PLEURECTOMY WITH DECORTICATION (P/D)
The pleurectomy with decortication (P/D) is a life-extending surgery available for patients with pleural mesothelioma.
The pleurectomy with decortication (P/D) is a surgery to remove the lining of the lung affected by mesothelioma and all visible tumors in the chest area. Unlike the extrapleural pneumonectomy (EPP) — the other standard surgery for pleural mesothelioma — the P/D is a lung-sparing operation. Because it’s a less radical procedure, the P/D may also produce fewer complications and risks than the EPP.
Benefits of the P/D
- Increased Life Expectancy - Patients with pleural mesothelioma who have received a pleurectomy with decortication are living longer than ever before. Some patients live years past their original prognosis.
- Improved Quality of Life - Those who have a P/D experience fewer symptoms of mesothelioma after they recover from surgery. The removal of the affected lining reduces pain and makes it easier to breathe.
- Spared Lung - There may be more requirements for P/D eligibility compared to the EPP, but patients who have a P/D don’t have their lung removed.
Talk to someone about your eligibility to receive a P/D now.
Are You Eligible for a P/D?
Not every patient diagnosed with pleural mesothelioma is eligible for a P/D. Though it presents less risk than an EPP, the P/D is still a major medical procedure that can put stress on the body. To be considered eligible, a patient must be in good overall health. Healthier patients can withstand the procedure better and recover faster.
The cancer stage of the tumor is important, too. The P/D is only effective for those diagnosed with early–stage mesothelioma that hasn’t spread too far from the lining of the lungs.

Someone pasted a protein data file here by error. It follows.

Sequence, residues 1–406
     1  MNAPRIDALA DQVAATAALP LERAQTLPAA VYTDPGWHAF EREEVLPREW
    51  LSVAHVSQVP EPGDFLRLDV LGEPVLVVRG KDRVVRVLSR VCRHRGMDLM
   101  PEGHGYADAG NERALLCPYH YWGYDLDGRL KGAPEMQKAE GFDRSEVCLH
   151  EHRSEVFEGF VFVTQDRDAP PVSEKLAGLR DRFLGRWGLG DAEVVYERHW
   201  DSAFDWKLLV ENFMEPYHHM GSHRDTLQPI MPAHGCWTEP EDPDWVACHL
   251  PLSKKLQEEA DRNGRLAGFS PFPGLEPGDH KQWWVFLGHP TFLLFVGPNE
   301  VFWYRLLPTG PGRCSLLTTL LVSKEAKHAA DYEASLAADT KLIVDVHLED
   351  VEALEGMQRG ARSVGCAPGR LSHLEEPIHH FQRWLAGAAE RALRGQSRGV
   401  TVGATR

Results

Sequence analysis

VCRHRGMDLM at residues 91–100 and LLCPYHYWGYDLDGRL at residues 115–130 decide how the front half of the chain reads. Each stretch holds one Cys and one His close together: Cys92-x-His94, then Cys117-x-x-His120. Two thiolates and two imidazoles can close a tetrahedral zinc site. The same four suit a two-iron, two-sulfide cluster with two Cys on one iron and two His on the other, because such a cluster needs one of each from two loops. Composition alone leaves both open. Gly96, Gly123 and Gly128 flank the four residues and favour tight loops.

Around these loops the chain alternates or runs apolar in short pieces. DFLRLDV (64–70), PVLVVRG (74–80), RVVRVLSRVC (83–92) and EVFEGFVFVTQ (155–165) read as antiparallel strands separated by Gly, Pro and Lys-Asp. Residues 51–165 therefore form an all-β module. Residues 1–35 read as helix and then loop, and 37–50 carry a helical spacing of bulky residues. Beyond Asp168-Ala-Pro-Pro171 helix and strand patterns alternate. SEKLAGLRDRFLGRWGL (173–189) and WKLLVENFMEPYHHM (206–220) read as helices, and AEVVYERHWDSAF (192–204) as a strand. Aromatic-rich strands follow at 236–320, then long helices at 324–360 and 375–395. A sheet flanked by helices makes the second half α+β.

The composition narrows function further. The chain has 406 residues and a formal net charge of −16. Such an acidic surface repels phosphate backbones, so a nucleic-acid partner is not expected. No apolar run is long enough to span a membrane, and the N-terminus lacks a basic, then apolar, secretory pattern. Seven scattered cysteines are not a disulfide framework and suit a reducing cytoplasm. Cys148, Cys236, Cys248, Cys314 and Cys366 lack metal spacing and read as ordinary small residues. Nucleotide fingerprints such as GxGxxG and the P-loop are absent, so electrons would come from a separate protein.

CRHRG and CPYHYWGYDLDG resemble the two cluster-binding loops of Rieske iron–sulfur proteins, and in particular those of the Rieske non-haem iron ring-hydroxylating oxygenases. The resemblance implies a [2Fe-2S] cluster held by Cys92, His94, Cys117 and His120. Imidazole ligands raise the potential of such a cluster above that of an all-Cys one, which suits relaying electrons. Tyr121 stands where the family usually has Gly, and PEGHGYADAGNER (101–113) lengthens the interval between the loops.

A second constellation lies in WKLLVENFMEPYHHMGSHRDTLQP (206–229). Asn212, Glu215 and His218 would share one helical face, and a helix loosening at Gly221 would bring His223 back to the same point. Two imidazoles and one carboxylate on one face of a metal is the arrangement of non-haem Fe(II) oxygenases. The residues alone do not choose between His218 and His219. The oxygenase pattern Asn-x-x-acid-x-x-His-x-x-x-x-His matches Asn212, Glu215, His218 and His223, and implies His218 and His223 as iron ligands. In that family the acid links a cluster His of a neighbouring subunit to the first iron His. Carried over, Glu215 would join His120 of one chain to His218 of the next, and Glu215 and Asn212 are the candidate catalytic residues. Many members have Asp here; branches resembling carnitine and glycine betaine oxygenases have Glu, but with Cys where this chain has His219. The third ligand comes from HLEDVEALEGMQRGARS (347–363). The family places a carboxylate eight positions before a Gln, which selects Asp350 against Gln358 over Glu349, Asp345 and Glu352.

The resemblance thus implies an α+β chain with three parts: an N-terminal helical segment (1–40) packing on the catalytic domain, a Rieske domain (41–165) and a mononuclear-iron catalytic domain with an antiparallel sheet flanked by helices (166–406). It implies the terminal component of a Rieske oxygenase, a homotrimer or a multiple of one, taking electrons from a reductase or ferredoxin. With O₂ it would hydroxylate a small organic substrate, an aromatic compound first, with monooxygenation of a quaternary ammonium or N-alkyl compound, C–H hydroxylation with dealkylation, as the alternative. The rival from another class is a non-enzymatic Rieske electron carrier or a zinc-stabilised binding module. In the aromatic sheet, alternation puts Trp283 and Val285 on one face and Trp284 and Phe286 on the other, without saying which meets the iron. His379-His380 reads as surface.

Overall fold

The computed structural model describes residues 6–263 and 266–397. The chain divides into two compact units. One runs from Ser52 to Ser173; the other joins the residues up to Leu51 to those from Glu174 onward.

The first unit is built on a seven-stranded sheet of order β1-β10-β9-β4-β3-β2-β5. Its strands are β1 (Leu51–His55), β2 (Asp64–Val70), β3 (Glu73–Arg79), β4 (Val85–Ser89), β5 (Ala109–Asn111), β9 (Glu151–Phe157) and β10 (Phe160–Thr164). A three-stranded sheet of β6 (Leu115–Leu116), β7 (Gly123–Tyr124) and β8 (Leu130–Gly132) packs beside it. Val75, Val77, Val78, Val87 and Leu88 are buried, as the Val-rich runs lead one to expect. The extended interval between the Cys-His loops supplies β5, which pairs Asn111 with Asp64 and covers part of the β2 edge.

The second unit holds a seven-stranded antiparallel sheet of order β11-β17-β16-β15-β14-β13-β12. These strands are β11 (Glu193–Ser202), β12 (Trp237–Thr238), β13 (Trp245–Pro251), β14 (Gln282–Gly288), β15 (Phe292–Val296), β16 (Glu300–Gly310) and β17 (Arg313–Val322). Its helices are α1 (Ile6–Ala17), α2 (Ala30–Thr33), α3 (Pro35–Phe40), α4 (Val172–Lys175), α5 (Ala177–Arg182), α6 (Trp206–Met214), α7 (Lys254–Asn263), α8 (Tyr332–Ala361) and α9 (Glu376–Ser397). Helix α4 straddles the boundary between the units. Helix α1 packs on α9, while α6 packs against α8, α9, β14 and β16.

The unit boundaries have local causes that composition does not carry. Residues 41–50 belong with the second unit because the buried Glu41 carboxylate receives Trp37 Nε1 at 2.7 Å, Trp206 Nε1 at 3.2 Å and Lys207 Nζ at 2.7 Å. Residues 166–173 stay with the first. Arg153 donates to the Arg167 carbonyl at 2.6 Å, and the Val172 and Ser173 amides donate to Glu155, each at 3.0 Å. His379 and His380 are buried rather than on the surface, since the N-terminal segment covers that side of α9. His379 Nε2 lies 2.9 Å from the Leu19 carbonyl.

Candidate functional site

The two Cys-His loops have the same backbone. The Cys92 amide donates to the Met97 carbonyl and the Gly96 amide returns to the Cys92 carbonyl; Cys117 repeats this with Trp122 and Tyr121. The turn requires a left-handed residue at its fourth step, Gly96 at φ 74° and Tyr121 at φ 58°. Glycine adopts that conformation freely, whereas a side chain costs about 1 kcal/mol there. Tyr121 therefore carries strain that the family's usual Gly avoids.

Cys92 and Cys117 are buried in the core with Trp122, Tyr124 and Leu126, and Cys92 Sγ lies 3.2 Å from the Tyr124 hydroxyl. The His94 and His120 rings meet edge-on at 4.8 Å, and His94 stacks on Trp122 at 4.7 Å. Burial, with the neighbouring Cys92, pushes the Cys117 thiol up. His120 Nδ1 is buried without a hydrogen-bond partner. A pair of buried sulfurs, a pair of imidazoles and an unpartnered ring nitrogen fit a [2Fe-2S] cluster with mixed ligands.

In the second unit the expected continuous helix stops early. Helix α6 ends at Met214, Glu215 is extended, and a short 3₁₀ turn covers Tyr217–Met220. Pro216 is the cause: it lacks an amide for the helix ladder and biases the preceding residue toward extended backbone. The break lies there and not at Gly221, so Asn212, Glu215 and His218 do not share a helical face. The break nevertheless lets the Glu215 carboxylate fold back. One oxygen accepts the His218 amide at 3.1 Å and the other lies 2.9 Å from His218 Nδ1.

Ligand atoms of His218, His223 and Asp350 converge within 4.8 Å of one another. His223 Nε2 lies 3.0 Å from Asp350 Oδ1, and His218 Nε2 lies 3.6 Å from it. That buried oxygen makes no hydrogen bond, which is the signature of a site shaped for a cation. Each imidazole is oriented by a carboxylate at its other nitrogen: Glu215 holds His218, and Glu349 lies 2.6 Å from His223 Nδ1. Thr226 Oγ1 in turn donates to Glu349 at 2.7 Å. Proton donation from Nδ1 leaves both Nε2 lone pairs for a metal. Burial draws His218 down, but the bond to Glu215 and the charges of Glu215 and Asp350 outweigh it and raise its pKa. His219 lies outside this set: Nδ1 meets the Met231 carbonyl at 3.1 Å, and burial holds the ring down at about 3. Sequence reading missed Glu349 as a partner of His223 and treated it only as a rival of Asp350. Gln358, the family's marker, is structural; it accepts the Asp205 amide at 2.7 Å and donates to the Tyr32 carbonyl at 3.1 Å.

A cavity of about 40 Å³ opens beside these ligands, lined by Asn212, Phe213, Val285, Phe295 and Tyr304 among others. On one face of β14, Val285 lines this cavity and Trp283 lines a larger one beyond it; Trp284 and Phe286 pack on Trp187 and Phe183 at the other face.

What Can You Expect?
The P/D consists of two procedures: the pleurectomy and decortication. With the pleurectomy, a doctor removes any part of the lung’s lining affected by tumor growth. While the chest cavity is still open, the doctor then performs the decortication, removing all visible tumors on the surface of the lung and in the chest area.
First, an anesthesiologist places the patient under general anesthesia. Then, a surgeon makes a 4 to 10 inch long incision (known as a thoracotomy) on one side of the chest to expose the affected lung. To complete the pleurectomy portion of the P/D, the surgeon removes parts of the lung’s lining affected by tumor growth.
VATS (video-assisted thoracoscopic surgery) - An experienced surgeon — like Dr. Robert Cameron or Dr. Raja Flores — may decide to perform the P/D with VATS instead of a thoracotomy. To perform VATS, the surgeon uses a technique called “keyhole surgery.” Keyhole surgery gives access to the lung via 3 separate 1–inch–long incisions, or keyholes, made between the ribs. The surgeon guides his or her instruments — inserted through the first two keyholes — with a small camera, which they insert through the third keyhole. Using VATS lowers a patient’s recovery time because it requires less surgery than the thoracotomy.
After the surgeon completes the pleurectomy, he or she begins the decortication portion of the P/D. During decortication, a surgeon removes any visible tumor growth around the lung and in nearby structures, like the chest wall and diaphragm.
Recovering from the P/D